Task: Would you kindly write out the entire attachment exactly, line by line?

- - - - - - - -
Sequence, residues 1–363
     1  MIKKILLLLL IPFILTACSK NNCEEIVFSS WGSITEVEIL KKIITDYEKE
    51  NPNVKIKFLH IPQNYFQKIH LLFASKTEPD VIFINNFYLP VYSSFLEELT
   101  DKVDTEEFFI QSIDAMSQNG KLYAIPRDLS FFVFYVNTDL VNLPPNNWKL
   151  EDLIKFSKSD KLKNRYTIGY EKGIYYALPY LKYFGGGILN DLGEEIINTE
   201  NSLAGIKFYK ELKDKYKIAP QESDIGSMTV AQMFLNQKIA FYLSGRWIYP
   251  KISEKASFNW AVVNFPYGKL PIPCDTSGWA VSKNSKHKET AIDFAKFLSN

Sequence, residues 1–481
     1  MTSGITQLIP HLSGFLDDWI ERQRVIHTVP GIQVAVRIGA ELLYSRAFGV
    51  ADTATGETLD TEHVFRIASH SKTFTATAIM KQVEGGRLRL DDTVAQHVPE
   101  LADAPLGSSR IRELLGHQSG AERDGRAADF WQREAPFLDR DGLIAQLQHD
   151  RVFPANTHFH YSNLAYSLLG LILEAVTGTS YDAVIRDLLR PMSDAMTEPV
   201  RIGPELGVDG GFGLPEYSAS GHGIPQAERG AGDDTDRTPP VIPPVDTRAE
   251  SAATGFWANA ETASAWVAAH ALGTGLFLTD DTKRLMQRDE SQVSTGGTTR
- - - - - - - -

Sequence, residues 1–363
     1  MIKKILLLLL IPFILTACSK NNCEEIVFSS WGSITEVEIL KKIITDYEKE
    51  NPNVKIKFLH IPQNYFQKIH LLFASKTEPD VIFINNFYLP VYSSFLEELT
   101  DKVDTEEFFI QSIDAMSQNG KLYAIPRDLS FFVFYVNTDL VNLPPNNWKL
   151  EDLIKFSKSD KLKNRYTIGY EKGIYYALPY LKYFGGGILN DLGEEIINTE
   201  NSLAGIKFYK ELKDKYKIAP QESDIGSMTV AQMFLNQKIA FYLSGRWIYP
   251  KISEKASFNW AVVNFPYGKL PIPCDTSGWA VSKNSKHKET AIDFAKFLSN

Sequence, residues 1–481
     1  MTSGITQLIP HLSGFLDDWI ERQRVIHTVP GIQVAVRIGA ELLYSRAFGV
    51  ADTATGETLD TEHVFRIASH SKTFTATAIM KQVEGGRLRL DDTVAQHVPE
   101  LADAPLGSSR IRELLGHQSG AERDGRAADF WQREAPFLDR DGLIAQLQHD
   151  RVFPANTHFH YSNLAYSLLG LILEAVTGTS YDAVIRDLLR PMSDAMTEPV
   201  RIGPELGVDG GFGLPEYSAS GHGIPQAERG AGDDTDRTPP VIPPVDTRAE
   251  SAATGFWANA ETASAWVAAH ALGTGLFLTD DTKRLMQRDE SQVSTGGTTR